Thursday, March 14, 2013

The impact of standardized testing in public schools.

This is exactly how it feels to constantly have the threat of losing your job, or having your funding pulled, resting on the performance of a child who for various reasons may not be capable of meeting the testing standards.

Oh, and don't forget kids, school should be fun.


  1. Randall2:52 AM

    Republicans want to privatize the schools.
    (Think Charter Schools)

    Today's Republican Party does not believe in Government-run anything. They believe that everything should be privatized.

    It's obvious why the plantation-owners feel this way. What's baffling is that they can get the workers to vote against their own interests.

    1. Anonymous5:13 AM

      No, think vouchers.

  2. Anonymous3:08 AM

    Absolutely true, Gryphen. Administrators and legislators have lost sight of what education is truly about, though I suspect they have been helped along in their confusion by folks who want to dismantle public education in favor of profit-making or congregation-making private schools (perhaps those two are one an d the same in some instances.)

  3. Sally in MI3:11 AM

    Here in Michigan, our band festivals, which in my day were a chance for us to show off what we'd learned, plus spend a day lsitening to groups from other high schools that we never had a chance to hear, are in danger because the directors of the smaller schools won't participate. Why? Because if they do not come home with Superior ratings from a panel of four men, their jobs are in know, because the school can't afford a decent bassoon or an oboe, and the director had to put the solo in the alto sax, who had a cold and a bad reed, and the performance wasn't perfect that day? Oh, and anyway, music isn't important. But hey, the basketball coach can have a losing season because he's a great guy (but not even a school employee any more, because even those jobs have been privatized in MI.)
    I read somewhere that there are more cases of coaches abusing kids in states where they have privitized the coaches, because since they are not district employees, ie, teachers first, there is little accountability for their behavior during and after practice.Just another horrible GOP plan.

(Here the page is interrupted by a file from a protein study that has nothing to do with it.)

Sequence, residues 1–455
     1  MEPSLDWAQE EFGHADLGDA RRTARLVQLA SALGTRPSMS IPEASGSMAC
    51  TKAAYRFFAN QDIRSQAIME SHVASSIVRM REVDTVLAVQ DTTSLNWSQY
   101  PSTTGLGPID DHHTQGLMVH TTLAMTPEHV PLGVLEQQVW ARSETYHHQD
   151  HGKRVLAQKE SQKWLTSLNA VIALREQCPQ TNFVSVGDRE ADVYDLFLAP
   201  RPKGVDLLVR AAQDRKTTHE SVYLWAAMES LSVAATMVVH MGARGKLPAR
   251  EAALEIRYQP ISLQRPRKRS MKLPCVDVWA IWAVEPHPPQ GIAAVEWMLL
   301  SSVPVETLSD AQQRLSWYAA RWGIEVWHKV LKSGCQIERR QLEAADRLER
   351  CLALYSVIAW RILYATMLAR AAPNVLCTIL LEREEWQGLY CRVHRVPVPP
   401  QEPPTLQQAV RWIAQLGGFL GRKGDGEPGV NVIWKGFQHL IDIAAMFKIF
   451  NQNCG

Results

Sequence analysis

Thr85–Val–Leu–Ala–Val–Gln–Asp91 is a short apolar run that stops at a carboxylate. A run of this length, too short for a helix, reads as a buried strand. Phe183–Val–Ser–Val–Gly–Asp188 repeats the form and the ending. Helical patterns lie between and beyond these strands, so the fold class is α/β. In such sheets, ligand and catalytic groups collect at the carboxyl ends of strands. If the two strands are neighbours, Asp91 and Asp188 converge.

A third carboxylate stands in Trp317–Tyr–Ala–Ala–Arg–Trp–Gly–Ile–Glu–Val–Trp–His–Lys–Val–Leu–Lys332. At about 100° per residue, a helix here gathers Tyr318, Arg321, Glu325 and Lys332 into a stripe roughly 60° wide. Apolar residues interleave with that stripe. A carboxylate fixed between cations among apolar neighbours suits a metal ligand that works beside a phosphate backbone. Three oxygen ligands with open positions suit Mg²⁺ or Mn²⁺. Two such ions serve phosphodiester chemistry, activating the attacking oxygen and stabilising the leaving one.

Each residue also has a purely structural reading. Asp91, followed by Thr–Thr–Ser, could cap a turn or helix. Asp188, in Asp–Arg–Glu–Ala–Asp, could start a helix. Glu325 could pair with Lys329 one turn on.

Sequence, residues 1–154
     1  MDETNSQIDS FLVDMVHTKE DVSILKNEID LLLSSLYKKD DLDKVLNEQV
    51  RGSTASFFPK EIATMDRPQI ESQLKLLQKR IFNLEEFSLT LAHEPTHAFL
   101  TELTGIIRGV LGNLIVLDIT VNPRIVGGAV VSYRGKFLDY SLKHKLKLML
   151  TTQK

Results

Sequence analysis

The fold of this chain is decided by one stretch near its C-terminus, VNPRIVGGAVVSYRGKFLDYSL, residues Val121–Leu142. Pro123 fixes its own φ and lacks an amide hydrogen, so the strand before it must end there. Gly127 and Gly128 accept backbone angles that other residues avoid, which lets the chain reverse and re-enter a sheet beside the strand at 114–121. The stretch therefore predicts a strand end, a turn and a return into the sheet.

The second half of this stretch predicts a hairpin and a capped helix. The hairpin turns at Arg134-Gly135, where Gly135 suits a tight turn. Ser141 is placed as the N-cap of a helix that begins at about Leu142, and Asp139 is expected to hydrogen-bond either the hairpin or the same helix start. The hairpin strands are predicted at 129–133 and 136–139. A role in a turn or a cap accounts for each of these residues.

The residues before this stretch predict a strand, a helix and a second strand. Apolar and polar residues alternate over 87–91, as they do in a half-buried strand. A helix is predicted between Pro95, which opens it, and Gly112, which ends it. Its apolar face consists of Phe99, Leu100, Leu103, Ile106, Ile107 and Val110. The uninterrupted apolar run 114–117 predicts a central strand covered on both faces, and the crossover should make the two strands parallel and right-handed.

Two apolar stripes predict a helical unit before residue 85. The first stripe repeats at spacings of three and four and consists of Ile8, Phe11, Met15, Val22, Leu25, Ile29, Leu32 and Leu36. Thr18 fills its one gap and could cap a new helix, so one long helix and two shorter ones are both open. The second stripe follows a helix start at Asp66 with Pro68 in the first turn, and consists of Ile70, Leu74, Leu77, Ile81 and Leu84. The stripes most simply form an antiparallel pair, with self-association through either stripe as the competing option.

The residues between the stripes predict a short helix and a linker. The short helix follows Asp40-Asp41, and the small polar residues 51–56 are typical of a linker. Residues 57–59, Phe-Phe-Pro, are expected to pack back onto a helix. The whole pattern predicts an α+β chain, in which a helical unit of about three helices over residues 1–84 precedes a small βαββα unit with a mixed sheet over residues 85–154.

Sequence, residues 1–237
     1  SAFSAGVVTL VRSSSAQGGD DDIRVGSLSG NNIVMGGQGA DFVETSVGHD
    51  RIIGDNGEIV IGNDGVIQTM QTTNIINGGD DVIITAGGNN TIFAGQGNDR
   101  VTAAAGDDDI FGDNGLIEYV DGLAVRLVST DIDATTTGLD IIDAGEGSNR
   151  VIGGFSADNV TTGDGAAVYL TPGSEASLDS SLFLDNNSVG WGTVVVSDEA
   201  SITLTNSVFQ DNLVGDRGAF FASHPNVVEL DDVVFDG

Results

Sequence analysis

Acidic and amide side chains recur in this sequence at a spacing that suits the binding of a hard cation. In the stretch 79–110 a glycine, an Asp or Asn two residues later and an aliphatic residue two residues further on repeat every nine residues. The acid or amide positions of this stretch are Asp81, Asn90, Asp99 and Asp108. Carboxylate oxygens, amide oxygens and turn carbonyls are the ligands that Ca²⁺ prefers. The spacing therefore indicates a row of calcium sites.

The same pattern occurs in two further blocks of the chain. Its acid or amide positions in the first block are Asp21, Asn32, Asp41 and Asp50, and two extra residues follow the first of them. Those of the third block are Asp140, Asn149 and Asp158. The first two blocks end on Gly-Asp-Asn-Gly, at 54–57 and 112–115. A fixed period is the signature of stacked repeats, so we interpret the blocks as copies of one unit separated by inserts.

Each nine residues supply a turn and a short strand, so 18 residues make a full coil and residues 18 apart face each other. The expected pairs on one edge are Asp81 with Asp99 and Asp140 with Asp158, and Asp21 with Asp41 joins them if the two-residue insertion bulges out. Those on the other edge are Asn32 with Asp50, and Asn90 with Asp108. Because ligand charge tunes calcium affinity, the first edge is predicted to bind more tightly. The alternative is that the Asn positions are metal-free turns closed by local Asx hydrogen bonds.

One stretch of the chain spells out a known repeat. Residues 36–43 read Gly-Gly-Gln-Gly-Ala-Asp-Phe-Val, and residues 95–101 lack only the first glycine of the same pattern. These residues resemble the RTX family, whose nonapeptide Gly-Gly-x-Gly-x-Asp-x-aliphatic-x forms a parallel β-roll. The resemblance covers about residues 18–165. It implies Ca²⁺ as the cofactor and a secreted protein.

1. Anonymous5:16 AM

      Athletics should NOT be part of academics, PERIOD. Same thing happened at our INDIANA middle school. Fired a GREAT choral teacher, but built a brand new football field. ADVANCED 8th grade science has done TWO experiments in class, can't afford the chemicals, you know, but they can afford that middle school football field. What fucktards - yeah, talking to you Mitch now prez of Purdue the flagship university - which he is dismantling.

      Embarrassed Purdue Alum

  4. wakeUpAmerica3:55 AM

    Unfortunately in America, education gurus grab at every shiny new hoop they see. What they should be doing is looking closely at what is being done in Finland.

    1. Anonymous8:43 AM

      My computer seems to have developed a mind of its own lately and published the preceding comment before I was finished.

      Please be aware that my reference to "pesky special ed students" was intended as sarcasm. Most of the students I work with are receiving special ed services and I always cringe at the pressure put on them to achieve test scores that they are not yet ready to achieve, either because of significant language delays or cognitive levels.

      Teachers are punished, either through poor evaluations or by reduced pay, if these students do not work at grade levels they are simply not able to reach by test time, if at all.

      We need to get politicians and educational curriculum/testing company CEOs OUT of the educational system and utilize the experience and expertise of teachers and administrators who are actually working on the front lines every day.

  5. Maryland schools are rewarded with money for high test scores.

    Standardized test is the most assinine thing esp if the curriculum doesn't match the standardized testing.

    So from September to the Winter break teachers are reteaching what was lost during the summer break. After the Winter break till about April or May teachers are trying to remember what was on last year's test so they can teach students something on the test.

    It's all a fucking surprise when the test is administered. And there is cheating galore.

  6. Anonymous5:13 AM

    Sorry Gryph, but NONSENSE! The bigger problem isn't text anxiety, but the teaching to the test that goes on a month or two beforehand - to the detriment of REAL learning. As a university prof, do you know how many times students ask me, with astonishment when they see things directions like "answer in a short paragraph or essay," "You mean we have to write, not just fill in the bubble? I've NEVER done that."